Aztecs regarded avocados as the symbol of love and fertility because they grow in pairs. That may be true because Americans have certainly developed a deep love affair with them. The California production alone of the delightful, creamy Hass avocado has risen from 682,025,323 pounds in 2004 to 2,192,143,900 pounds in 2017!

Do you know where your avocados come from?

Around 1920, near Los Angeles, postal worker Rudolph Hass planted an avocado seed. He thought that he’d graft the popular variety of avocado onto it. The grafts didn’t take so he decided to chop down the tree. Hass’s children interceded. They pleaded for the tree because they loved its fruit more than any they’d tasted. (The freeze-resistant, thinner-skinned, less rich-tasting Fuerte was most popular at that time.)

Hass found that his kids were right. In 1935, he took a patent on the Hass Avocado, the buttery variety that now makes up 95 percent of the billions of avocados we eat in the United States each year.

Hass and his rebel tree are only part of the story. The avocado in various forms has been a beloved staple from Mexico to Columbia for thousands of years. Sixteenth century Spanish explorers to Central America and the Caribbean first discovered this green tree fruit with leathery skin and creamy, pale green flesh. In 1750 the avocado arrived in Indonesia, Florida in 1833, Israel in 1908, Australia in the late 1800s and California in 1856. Today orchards around San Diego, Los Angeles and Santa Barbara grow about 90% of America’s avocadoes.

If you travel to Florida and the Caribbean, you’ll find a diverse range of avocados. Florida grows much larger, smooth-skinned avocados with juicy, sweet flesh popular among Caribbean immigrants. Many Floridians dislike California avocado varieties because they taste “oily.” Californians feel the low-fat Florida avocados taste “watery.” A true aficionado of the fruit, will conclude that each variety offers its own culinary virtues.

Always purchase avocados rock hard (a few days to a week ahead) and allow them to ripen on the kitchen counter away from direct sunlight. When they give a little to gentle pressure, the skin is still tight to the flesh, and before the pit rattles, refrigerate them. Don’t refrigerate before they ripen or the flesh will become bitter. (To speed ripening place in a paper bag with a banana or apple.) Ripened this way, avocados will keep about a week if you don’t bang and bruise them.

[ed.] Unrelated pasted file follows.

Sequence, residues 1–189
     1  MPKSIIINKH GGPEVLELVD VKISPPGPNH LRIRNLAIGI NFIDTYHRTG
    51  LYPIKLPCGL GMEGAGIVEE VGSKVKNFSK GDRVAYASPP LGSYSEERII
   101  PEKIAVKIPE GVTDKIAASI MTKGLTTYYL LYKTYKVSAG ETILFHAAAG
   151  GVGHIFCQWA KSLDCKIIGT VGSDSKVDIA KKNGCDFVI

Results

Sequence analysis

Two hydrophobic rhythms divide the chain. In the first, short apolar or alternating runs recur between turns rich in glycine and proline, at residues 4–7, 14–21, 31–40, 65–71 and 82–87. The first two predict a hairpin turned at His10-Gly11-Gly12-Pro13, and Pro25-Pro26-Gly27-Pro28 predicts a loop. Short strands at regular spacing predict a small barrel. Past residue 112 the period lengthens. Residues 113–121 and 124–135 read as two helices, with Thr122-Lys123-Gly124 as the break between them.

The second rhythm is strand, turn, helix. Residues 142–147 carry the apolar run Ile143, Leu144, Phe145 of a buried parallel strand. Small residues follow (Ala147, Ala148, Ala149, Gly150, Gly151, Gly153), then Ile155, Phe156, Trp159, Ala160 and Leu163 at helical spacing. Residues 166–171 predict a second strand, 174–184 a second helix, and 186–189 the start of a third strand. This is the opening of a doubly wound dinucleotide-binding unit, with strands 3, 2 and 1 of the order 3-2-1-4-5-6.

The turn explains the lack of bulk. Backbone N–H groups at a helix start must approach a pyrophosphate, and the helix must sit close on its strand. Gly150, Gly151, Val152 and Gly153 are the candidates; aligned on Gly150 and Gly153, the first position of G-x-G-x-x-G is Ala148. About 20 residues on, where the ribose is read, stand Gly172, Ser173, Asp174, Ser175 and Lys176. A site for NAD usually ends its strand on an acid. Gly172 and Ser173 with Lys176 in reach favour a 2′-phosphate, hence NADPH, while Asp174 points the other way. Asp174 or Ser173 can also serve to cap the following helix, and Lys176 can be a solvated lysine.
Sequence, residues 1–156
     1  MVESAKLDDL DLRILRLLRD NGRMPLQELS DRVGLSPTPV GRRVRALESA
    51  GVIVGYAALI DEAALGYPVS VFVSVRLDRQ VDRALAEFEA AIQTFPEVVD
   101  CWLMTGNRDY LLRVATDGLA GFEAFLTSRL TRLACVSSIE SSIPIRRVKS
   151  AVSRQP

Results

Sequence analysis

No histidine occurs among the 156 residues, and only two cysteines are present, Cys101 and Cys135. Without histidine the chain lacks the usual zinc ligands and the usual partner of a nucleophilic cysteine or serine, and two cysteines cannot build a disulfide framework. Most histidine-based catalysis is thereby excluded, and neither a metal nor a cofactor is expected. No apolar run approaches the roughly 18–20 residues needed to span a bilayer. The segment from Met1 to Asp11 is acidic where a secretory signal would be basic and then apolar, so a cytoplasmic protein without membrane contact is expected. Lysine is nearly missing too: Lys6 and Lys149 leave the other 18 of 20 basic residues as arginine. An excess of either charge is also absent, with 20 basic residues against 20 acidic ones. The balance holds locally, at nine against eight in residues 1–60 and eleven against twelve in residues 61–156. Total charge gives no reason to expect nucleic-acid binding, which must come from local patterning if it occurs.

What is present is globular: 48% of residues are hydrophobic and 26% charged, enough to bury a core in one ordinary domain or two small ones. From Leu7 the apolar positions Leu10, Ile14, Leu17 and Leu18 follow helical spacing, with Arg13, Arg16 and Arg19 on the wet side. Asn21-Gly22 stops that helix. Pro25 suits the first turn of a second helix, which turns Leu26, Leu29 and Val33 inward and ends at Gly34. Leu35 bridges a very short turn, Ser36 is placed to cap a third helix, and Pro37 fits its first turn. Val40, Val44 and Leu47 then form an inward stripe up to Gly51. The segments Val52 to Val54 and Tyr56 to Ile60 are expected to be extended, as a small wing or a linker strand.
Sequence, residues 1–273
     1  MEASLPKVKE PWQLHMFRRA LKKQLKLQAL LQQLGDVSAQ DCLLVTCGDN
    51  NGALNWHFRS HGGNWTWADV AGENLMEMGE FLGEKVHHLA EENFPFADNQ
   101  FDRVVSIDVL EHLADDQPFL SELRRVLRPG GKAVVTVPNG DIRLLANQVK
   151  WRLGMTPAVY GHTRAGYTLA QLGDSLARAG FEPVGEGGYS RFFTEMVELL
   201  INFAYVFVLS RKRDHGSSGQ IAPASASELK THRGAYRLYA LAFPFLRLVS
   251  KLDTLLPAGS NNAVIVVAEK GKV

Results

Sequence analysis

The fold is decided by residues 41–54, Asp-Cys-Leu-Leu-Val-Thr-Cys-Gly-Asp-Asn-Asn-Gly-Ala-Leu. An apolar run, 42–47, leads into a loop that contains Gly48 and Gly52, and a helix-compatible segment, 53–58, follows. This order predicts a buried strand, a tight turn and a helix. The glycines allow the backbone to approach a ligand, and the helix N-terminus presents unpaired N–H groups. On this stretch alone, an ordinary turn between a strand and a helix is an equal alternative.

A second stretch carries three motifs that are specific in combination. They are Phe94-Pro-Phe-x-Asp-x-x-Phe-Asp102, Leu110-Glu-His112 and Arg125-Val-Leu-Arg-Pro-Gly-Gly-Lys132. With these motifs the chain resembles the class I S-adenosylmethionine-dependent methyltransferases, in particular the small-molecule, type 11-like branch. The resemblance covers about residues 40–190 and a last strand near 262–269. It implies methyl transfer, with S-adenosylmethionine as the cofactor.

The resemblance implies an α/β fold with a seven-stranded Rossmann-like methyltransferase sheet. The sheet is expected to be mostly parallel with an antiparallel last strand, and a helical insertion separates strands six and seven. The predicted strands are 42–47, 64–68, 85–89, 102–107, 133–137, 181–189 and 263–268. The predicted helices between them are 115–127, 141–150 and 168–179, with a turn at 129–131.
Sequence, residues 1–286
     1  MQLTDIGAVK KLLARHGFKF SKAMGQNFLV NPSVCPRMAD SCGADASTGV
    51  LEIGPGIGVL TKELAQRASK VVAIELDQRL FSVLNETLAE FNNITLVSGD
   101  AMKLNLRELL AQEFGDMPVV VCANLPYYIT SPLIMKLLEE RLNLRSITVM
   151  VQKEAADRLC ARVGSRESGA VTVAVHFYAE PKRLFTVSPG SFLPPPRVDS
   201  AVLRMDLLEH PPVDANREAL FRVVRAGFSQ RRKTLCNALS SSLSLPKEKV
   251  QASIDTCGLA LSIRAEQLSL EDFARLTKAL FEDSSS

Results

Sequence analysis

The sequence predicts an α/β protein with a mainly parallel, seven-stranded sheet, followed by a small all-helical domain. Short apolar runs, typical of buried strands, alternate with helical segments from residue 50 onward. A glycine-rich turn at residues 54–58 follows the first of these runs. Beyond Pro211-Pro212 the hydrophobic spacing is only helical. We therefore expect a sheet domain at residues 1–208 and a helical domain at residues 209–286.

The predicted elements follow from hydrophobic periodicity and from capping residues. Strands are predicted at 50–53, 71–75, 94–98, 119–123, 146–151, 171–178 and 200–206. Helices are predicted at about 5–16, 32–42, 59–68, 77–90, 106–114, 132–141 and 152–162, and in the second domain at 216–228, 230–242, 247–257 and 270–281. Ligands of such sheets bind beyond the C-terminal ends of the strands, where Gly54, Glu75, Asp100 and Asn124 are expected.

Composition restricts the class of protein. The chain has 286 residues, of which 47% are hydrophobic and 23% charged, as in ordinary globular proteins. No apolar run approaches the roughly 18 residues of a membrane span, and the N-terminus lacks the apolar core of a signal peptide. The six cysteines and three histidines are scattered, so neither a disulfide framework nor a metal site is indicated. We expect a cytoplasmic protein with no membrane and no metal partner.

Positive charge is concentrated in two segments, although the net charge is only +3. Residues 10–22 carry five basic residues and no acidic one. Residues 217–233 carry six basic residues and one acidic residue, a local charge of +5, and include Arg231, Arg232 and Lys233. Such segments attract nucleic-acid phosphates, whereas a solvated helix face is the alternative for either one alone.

Wash avocados before cutting. The best way to cut them is to slice in half so you have two pear shaped halves. To remove the pit, slightly hit the end of the blade of a chef’s knife into the pit and twist. Cut each half into two or three slices and peel off the skin, starting at the stem end. At this point, slice or dice the avocado into desired size and shape. To save an avocado half (with pit) from browning, drizzle lemon or lime juice over the cut surface and press a piece of wet paper towel over to seal out air. Place in an airtight container or in a zipper baggie. (No, the pit does not keep avocado from browning. Only water, oil or citrus will do this.)

California avocado season begins ramping up around February and lasts through September with peak output during the summer. Whether you use your avocados for salad, sushi, sandwiches, toast or smoothies; whether prepare sauce, pilaf, purée them into soup or eat them alone with a drizzle of lime juice and salt, you can send love notes to ancient Mexico and Central America and Rudolph Hass and his perceptive children for our delicious avocado.

Avocado Cream Soup with Tequila (Sopa De Crema De Aguacate)

This is a nueva cocina mexicana recipe. Most recipes for this classic soup call for cream, but this recipe is lighter and easier to prepare. A large avocado weighs between 8 and 10 ounces. The 8-ounce yields about 1-1/4-cups diced flesh and the 10-ounce yields about 1-1/2 cups.

Adapted from “New Cooking from Old Mexico” by Jim Peyton

Yields 5 cups, about 4 servings

1 lb. avocados, 2 medium-large

1 C. freshly squeezed orange juice, about two 6- to 7-ounce oranges

2 T. tequila

1 medium serrano chili, 1 tablespoon stemmed and diced

1/2 t. ground cumin

4 T. finely sliced cilantro

3 C. de-fatted chicken stock or flavorful vegetable stock

3 to 4 T. fresh lime juice


Cilantro leaves

Red chili powder

Optional: Mexican crema or sour cream

Peel, seed, and dice avocados. Place into food processor with orange juice, tequila, chili, cumin, and cilantro. Purée until smooth.

Transfer soup to tureen. Stir in chicken stock and lime juice. Season to taste with salt and more lime juice as necessary. Cover tureen. Refrigerate soup 30 minutes to 2 hours to chill, or serve at room temperature.

To Serve: Ladle soup into bowls. Garnish with cilantro leaves and a dusting of chili powder. And a swirl of crema or sour cream if you are so inclined.

Seasoned Mashed Avocado (Guacamole)

In Mexico, guacamole is made in a traditional molcajete or volcanic stone mortar with pestle.

Adapted from “Discovering Global Cuisines” by Nancy Krcek Allen

Yields 3 cups

1 lb. avocadoes, 2 large

2 T. finely diced white onion

1 medium serrano chili, stemmed and finely diced

1/3 to 2/3 C. finely diced ripe tomato

1/4 C. finely sliced cilantro, more to taste

2 T. fresh lime juice, more to taste

For Serving

Warm corn tortillas or corn chips

Optional: jicama peeled and cut into long sticks for dipping

Slice avocados in half, remove pits, and evenly cross-hatch flesh of each half. Scoop out cubed avocado with spoon into a bowl or molcajete to yield about 2-1/2 cups.

Lightly mash avocados until chunky, but adhering together. Fold in onion, chili, tomato, and cilantro. Season with lime juice and salt to taste. Serve immediately with tortillas, chips or jicama sticks.

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